Pediatric Resources Available for Countries Around the World
Use the links below to access Web sites for each of these programs, or visit the Initiatives section of this Web site to learn more about these and other AAP Global Health Initiatives.
Ensuring that children's issues are addressed as early as possible in the development of disaster preparedness programs and activities.
Partnership and advocacy to support access to vaccines for children around the world and raise awareness of global immunization issues.
Helping Babies Breathe
Ensuring that all babies are born with a skilled birth attendant present.
International Community Access to Child Health (ICATCH)
Providing financial and technical support to pediatricians in developing countries that are in the process of developing and implementing a community-based child health initiative.
International Child Health Network (ICHN)
Establishing connections that foster cooperation on a variety of health projects including relief and development work, humanitarian service, equipment/supply donation,etc.
Neonatal Resuscitation Program (NRP)
Educational program introducing the concepts and basic skills of neonatal resuscitation.
Pediatric Education in Disasters
Raising awareness and increasing competence of relief efforts to be sensitive and responsive to the unique physical and psychological needs of children when a disaster occurs.
Providing education, training, and tools needed to effectively intervene to protect children from the harmful effects of tobacco and secondhand smoke.
Texas Children’s Hospital International Colloquium (March 9-11, 2015) will celebrate 25 Years in Global Health with a new and expanded interactive program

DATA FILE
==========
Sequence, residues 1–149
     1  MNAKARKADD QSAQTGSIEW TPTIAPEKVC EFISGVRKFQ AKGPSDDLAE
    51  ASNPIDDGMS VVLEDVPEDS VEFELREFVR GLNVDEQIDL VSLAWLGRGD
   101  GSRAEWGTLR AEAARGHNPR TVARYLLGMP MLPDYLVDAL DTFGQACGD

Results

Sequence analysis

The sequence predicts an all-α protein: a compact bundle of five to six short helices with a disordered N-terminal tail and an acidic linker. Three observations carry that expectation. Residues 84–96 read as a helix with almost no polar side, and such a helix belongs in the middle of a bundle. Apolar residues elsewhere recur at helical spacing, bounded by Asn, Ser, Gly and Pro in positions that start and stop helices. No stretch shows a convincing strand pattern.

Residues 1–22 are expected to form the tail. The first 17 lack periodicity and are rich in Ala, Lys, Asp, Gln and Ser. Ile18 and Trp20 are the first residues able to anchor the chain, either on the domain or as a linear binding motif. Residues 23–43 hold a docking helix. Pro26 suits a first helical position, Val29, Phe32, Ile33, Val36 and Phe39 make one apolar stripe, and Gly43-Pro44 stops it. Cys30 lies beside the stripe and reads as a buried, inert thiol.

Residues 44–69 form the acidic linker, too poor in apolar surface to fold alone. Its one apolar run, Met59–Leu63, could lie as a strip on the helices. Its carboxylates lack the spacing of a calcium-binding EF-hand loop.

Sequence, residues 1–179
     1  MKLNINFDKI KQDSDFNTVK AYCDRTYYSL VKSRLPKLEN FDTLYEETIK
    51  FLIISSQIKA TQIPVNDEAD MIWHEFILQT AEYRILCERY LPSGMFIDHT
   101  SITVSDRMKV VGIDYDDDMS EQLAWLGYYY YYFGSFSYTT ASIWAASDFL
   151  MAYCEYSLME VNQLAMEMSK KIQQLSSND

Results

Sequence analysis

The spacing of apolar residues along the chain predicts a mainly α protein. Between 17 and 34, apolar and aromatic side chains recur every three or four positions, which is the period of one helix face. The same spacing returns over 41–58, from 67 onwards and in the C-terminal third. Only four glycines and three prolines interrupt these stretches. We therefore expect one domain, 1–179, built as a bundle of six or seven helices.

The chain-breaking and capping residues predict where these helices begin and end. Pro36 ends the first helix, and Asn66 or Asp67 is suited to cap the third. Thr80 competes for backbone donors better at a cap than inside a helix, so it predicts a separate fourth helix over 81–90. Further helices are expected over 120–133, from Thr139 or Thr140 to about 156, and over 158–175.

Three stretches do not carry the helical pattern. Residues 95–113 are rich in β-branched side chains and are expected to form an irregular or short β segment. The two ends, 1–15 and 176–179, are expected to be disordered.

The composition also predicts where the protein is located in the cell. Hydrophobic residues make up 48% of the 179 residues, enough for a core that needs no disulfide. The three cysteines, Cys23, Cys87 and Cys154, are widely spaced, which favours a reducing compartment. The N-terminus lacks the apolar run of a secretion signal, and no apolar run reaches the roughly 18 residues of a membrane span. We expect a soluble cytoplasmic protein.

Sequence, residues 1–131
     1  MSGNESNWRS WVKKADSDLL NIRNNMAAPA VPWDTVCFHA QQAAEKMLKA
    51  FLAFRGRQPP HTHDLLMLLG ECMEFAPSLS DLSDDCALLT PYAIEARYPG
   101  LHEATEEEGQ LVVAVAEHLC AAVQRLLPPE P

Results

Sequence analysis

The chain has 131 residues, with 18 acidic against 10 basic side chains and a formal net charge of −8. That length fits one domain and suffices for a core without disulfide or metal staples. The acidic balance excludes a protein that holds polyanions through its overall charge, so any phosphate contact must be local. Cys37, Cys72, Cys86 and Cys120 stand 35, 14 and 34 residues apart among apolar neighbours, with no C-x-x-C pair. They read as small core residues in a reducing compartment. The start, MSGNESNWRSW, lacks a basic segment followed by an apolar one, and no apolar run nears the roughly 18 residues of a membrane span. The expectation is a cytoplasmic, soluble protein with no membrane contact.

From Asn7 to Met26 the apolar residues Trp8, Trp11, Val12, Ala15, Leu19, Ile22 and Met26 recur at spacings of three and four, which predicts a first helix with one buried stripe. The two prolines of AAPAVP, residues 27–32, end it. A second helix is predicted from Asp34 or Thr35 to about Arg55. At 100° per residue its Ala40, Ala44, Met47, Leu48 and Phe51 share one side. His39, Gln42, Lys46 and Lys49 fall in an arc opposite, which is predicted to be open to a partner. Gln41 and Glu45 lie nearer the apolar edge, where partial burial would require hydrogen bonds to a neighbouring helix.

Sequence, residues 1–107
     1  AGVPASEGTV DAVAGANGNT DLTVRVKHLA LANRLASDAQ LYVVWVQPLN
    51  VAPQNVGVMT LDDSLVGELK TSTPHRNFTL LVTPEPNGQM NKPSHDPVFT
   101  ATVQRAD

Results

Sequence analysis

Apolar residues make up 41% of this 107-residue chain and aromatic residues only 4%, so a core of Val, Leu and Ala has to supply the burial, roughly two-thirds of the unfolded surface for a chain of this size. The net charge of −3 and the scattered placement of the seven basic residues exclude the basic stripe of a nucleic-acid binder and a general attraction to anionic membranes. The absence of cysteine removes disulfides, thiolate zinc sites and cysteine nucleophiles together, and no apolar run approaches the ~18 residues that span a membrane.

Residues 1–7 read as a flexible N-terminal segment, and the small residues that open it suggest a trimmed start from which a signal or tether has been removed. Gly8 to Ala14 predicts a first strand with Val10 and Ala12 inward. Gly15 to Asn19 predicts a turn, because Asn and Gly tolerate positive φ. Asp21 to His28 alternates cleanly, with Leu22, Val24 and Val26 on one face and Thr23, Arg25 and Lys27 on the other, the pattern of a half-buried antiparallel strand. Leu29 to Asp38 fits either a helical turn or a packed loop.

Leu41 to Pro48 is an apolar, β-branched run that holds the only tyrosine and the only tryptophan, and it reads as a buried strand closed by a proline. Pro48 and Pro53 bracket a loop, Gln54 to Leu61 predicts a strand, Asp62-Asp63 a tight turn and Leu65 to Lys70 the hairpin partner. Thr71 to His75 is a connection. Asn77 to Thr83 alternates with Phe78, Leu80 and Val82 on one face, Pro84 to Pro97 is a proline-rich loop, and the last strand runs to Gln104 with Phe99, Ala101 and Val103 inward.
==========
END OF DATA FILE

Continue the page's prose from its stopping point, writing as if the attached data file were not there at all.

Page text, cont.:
The American Academy of Pediatrics (AAP) continues to monitor the 2014 Ebola outbreak. This is the largest Ebola outbreak to date, and it currently affects multiple countries in West Africa. A strategic response to combat the outbreak was proposed by the White House. The Centers for Disease Control and Prevention (CDC) offers regular Outbreak Updates and an Outbreak Distribution Map. The World Health Organization has declared this a public health emergency of international concern and provides Global Alert and Response details. For complete list of resources visit Children and Disasters Web page.
In the early 1960's in New York City, Dr. Louis Cooper began to see babies who were deaf, blind, and had heart problems. The cause - the rubella virus.
Click here to learn more about CDC’s partnership with the Measles & Rubella Initiative which is protecting more kids than ever before.
The Pediatrics in Disaster training program trains health care providers to prioritize life-saving care for children in disasters. This virtual calssroom environment encourages you to engage with video lecture, PowerPoint handouts, video tutorials for problem based exercises, and iteractive problem-based exercises. Click here to register for the course. The entire course, English or Spanish, is free!